3. standing figures of the Madonna and Child and SS Catherine, Lucy and Benedict in the entrance arch. 

Virgin and St John the Evangelist (ca. 1463)

This fresco forms the backdrop to an earlier wooden crucifix in a tabernacle (which originally had closing doors) from the church of San Giovanni Decollato, which belonged to the Confraternita della Misericordia.  It seems to be linked to the sale of land in 1463 by two members of the confraternity in order to finance such a work from Pietro di Giovanni Mazzaforte.  It is attributed on stylistic grounds to Mazzaforte’s then pupil, Nicolò di Liberatore. 

The confraternity took the tabernacle with them in 1569 when they moved to the Oratorio della Misericordia.  It was moved to the sacristy of the Duomo in 1904 and is now in the Museo Diocesano.

San Nicolò Polyptych (1492)

Brigida degli Elmi, the widow of the merchant Michele di Nicolò commissioned this altarpiece  from Nicolò di Liberatore for her family chapel in San Nicolò, but it was not delivered until almost a decade after her death.   (In 1488, Nicolò di Liberatore had been asked to evaluate the stained glass in the tribune of the Duomo, which had also been financed from the bequest of Brigida degli Elmi, and which had been executed by “magister Nerius Montis de Perusis” (Neri di Monte).

The polyptych bears the signature “Nicholaus Alunnus Fulginiae” (Nicholas, alumnus of Foligno), which famously led Giorgio Vasari to coin the nickname l’ Alunno.  It is now in the Cappella di San Giuseppe at the centre of the right wall.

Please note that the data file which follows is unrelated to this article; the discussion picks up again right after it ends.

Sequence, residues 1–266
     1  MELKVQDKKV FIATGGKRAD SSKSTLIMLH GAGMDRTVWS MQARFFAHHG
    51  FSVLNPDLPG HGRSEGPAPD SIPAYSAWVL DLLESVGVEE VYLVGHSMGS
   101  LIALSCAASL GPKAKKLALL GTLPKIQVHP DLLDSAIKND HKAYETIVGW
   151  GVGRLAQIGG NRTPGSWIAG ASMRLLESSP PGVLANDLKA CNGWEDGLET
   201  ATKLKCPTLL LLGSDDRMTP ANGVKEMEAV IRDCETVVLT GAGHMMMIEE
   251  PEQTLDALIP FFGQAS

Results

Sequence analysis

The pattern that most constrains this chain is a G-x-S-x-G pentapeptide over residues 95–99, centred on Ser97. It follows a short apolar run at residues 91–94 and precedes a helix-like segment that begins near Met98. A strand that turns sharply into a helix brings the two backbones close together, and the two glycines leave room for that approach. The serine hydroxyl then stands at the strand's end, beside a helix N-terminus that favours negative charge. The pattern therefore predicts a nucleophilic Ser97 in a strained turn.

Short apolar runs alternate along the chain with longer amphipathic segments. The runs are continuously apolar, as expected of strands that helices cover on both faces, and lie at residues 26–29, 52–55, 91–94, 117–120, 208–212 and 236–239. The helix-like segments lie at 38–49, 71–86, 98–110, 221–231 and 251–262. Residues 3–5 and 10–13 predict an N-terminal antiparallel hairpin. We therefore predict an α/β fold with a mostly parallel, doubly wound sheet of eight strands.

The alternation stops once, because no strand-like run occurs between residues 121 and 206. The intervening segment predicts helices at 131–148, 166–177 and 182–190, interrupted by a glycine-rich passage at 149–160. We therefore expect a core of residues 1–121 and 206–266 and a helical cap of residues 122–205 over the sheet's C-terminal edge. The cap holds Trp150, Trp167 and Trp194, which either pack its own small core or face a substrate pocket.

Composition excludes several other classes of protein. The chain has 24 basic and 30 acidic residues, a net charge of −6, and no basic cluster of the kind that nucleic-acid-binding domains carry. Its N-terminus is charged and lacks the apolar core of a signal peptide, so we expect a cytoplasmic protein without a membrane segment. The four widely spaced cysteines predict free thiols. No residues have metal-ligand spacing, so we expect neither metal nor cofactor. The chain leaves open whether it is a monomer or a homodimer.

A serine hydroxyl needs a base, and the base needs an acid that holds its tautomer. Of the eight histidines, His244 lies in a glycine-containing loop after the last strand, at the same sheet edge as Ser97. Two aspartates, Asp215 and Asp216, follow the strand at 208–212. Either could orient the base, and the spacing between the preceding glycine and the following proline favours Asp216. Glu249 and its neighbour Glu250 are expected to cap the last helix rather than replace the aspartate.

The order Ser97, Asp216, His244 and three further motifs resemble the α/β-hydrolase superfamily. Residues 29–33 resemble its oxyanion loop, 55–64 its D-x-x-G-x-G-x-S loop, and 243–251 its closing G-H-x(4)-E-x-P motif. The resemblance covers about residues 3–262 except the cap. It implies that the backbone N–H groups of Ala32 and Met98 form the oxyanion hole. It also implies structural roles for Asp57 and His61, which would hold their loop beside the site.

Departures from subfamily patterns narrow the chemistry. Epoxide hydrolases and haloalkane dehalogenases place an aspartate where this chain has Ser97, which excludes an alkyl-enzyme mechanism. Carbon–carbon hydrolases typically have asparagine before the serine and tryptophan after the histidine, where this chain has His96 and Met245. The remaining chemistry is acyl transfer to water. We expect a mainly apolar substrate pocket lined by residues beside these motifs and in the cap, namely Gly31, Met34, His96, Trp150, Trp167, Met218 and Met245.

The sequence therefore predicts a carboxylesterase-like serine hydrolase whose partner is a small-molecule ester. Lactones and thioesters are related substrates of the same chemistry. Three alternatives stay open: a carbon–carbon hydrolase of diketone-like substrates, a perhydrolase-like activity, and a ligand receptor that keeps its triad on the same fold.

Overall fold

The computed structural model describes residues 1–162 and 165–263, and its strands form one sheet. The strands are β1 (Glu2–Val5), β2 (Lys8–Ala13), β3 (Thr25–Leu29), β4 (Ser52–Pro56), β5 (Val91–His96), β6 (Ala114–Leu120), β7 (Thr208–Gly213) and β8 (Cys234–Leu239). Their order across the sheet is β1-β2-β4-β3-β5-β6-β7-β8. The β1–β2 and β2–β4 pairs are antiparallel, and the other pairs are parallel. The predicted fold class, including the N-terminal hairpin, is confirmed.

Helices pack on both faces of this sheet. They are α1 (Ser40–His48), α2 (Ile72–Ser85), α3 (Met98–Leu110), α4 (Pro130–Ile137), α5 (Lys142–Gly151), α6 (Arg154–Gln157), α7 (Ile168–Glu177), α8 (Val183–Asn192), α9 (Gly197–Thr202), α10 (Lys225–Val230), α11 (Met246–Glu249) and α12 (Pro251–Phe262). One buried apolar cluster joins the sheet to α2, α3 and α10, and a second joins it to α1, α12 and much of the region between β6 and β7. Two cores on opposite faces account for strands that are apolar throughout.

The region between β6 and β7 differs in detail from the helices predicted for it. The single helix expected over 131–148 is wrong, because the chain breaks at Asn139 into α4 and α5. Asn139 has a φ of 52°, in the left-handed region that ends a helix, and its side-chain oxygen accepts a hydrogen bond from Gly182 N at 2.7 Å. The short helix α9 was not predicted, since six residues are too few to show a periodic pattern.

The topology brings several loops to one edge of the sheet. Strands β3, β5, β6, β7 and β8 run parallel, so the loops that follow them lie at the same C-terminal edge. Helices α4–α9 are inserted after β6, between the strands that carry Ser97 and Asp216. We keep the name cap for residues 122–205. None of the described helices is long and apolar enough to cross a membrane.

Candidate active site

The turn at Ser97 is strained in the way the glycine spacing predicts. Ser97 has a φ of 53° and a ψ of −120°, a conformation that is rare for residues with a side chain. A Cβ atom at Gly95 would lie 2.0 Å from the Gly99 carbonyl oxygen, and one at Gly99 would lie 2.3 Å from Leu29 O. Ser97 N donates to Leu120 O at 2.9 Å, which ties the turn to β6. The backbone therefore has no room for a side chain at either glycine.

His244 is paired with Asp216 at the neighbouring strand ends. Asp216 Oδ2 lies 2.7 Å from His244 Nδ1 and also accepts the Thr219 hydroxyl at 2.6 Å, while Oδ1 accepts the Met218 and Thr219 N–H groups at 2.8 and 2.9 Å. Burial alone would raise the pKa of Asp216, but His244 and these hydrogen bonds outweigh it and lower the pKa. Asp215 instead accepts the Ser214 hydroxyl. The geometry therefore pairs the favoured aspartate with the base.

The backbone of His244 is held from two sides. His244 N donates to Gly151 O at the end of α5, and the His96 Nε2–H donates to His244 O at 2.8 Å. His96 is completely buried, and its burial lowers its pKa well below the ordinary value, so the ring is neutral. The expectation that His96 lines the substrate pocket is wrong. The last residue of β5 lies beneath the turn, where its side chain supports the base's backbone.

1. The central panel depicts the Nativity, with SS Sebastian and Nicholas of Bari on the left and SS Michael and John the Evangelist on the right. 

  2. The upper register depicts half-length figures of:

  3. SS Monica and John the Baptist on the left; and

  4. the Blessed Peter Crisci and St Nicholas of Tolentino on the right. 

  5. The cusp depicts the Resurrection and the doctors of the church.

Dominique-Vivant Denon selected the altarpiece for confiscation after the Napoleonic suppression of 1810, and it was duly sent to Paris.  Antonio Canova recovered most of the panels in 1817, and they were returned to San Nicolò. 

However, the predella panels, which depict stories of the Passion, were left behind.  They are now in the Louvre, Paris and are illustrated in the museum's website

Coronation of the Virgin with saints (1495)

Pierangelo di Giovanni ser Nuti commissioned this altarpiece from Nicolò di Liberatore  for his family chapel to the right of the presbytery of San Nicolò

The coronation takes place in a mandorla of angels.  Kneeling figures of SS Antony Abbot and Bernardino of Siena witness the scene.  St George can be seen killing the dragon in the background.

The predella contains tondi of the Pietà, the Virgin and St John the Evangelist. 

Stigmatisation of St Francis (15th century)